ARIN Statement on the Future of Addressing Policy

ARIN has just released a statement on the future of addressing policy. Specifically addressing the future of IPv4 addressing. What ARIN does is to emphasize the current policies and say they will be enforced even stronger than today if needed. I.e. there is no announcement of a change in policy. more»

2008 Report Analyzing Distribution and Trends of IP Address Allocation

The study report analyzes the distribution and the trends of IP address allocation in 238 countries for 2007. From the data analysis (see Table 1 & Chart 1), the United States tops the allocation list by holding 37.73% of the IP addresses worldwide. It follows by United Kingdom (12.83%), Japan (7.64%), China (5.74%), Germany (3.81%), France (3.65%), Canada (2.81%), Korea (2.74%), Netherlands (2.00%) and Italy (1.67%). These Top 11 countries in the list occupied more than 80% of total allocated IP address ranges in the world in 2007. more»

Measuring World IPv6 Day - First Impressions

The RIPE NCC took active measurements of World IPv6 Day participants before, during and after World IPv6 Day (in cooperation with CAIDA). We selected 53 participants and performed periodical A and AAAA DNS lookups and HTTP fetches from 40 servers worldwide. For HTTP, we fetched data over IPv4 and IPv6. These provide important control points... more»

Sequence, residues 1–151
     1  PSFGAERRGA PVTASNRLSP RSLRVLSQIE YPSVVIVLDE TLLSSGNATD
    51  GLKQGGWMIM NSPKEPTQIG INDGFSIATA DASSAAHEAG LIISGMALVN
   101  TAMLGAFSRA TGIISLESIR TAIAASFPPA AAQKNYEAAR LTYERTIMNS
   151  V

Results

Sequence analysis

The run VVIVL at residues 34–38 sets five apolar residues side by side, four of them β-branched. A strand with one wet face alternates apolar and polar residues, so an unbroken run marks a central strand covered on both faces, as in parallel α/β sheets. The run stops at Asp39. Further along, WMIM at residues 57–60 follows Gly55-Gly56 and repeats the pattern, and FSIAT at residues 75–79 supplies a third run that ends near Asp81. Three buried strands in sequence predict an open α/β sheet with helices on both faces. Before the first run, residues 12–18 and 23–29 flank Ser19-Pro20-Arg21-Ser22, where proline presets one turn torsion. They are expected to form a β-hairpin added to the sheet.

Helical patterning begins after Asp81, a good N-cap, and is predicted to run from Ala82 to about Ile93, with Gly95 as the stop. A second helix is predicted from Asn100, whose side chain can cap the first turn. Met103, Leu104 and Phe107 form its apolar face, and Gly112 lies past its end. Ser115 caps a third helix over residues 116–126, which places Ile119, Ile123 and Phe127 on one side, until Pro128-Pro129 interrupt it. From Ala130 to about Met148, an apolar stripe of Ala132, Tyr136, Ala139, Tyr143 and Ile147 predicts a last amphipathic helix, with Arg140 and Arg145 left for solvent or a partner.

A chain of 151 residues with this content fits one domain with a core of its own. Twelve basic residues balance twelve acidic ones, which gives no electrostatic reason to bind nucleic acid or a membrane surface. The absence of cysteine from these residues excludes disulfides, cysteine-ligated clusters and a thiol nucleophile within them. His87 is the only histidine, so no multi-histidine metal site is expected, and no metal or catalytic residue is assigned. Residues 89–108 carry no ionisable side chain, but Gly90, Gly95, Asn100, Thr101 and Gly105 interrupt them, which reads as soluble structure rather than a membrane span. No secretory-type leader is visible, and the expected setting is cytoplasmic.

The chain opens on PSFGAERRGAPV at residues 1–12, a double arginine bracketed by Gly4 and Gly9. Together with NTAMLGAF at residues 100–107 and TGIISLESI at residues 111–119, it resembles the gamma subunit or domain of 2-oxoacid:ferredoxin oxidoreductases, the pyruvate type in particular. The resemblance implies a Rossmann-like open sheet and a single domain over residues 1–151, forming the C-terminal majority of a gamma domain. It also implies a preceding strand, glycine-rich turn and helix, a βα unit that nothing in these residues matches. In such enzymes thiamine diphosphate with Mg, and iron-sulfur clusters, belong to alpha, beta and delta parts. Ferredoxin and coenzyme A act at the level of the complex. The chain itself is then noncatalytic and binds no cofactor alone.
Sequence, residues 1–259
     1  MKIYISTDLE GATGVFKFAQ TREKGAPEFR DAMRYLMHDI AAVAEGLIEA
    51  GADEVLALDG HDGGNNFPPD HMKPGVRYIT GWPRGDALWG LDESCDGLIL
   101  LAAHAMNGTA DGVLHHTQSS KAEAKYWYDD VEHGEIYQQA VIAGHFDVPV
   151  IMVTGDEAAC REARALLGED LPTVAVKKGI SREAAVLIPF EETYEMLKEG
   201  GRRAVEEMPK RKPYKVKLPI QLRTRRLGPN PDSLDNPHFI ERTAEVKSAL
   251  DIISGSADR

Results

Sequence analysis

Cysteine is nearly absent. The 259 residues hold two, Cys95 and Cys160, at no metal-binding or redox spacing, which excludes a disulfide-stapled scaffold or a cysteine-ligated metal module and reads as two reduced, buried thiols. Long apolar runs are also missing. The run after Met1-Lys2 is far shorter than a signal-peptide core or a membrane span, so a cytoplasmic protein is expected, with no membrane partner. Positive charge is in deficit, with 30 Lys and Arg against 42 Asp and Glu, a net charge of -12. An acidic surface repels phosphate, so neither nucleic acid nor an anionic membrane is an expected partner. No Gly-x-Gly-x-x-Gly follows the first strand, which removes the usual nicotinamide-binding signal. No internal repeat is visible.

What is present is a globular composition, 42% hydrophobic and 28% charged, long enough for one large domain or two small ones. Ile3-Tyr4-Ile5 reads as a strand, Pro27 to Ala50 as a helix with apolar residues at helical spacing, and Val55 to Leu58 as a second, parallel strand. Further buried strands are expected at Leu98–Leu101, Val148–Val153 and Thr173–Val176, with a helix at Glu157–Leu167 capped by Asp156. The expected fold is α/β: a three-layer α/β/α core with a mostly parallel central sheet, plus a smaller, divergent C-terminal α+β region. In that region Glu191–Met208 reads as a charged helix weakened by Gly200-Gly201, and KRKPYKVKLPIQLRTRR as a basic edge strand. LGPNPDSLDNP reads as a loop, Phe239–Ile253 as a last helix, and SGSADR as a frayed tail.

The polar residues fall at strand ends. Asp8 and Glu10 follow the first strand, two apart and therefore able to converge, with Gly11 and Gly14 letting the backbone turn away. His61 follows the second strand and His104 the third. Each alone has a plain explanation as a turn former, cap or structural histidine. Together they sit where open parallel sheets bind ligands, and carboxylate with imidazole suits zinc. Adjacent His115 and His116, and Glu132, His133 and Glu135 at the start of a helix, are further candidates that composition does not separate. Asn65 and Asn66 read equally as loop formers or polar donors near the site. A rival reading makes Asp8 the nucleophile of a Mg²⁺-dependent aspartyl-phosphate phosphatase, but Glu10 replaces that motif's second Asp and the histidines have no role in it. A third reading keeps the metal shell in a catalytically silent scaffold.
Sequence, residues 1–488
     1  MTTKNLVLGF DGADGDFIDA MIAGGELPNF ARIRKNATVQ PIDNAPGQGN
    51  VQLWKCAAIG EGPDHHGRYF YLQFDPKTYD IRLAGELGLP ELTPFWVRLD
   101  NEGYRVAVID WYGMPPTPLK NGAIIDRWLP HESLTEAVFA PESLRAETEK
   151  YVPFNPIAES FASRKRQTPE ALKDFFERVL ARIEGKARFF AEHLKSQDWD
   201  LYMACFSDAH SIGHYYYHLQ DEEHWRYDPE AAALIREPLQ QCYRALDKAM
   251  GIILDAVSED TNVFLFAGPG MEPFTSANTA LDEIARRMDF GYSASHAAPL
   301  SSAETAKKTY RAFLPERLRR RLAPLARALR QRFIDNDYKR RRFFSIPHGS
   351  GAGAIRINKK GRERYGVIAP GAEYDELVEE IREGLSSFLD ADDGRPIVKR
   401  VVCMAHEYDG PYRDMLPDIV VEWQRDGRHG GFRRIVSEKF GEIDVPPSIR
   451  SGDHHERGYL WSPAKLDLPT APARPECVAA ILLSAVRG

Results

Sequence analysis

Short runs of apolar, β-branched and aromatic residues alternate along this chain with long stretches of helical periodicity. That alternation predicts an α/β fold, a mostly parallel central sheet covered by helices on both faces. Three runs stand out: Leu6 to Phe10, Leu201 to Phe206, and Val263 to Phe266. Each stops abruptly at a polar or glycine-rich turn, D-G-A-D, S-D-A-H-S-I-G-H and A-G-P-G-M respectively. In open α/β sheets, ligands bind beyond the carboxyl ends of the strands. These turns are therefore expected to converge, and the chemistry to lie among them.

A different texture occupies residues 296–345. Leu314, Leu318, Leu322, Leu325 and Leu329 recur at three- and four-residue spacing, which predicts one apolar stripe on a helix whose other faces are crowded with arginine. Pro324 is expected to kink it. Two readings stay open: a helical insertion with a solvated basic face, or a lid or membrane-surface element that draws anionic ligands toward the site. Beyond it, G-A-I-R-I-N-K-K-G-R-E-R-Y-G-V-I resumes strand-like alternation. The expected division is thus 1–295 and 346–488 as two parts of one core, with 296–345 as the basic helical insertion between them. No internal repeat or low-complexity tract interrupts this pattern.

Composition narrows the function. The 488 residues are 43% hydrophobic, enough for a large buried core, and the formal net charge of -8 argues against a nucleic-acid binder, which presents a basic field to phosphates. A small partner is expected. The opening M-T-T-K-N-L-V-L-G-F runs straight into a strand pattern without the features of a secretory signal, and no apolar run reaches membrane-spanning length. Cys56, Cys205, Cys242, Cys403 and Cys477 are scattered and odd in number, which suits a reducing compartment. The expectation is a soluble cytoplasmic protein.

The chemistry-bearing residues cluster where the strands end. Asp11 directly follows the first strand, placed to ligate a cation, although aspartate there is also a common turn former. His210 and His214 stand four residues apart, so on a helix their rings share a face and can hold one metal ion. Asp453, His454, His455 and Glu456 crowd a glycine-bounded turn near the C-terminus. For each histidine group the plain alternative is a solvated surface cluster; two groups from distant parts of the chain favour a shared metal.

IETF 85 Begins Next Week In Atlanta - Here Is How To Follow Along

The 85th meeting of the Internet Engineering Task Force (IETF) begins next week in Atlanta, Georgia, USA. Over 1000 engineers, maybe as many as 1400 or more, from all around the world will gather in various working groups to discuss and debate issues relating to the open standards that define the Internet's infrastructure. more»

Geoff Huston on Securing the Internet Routing System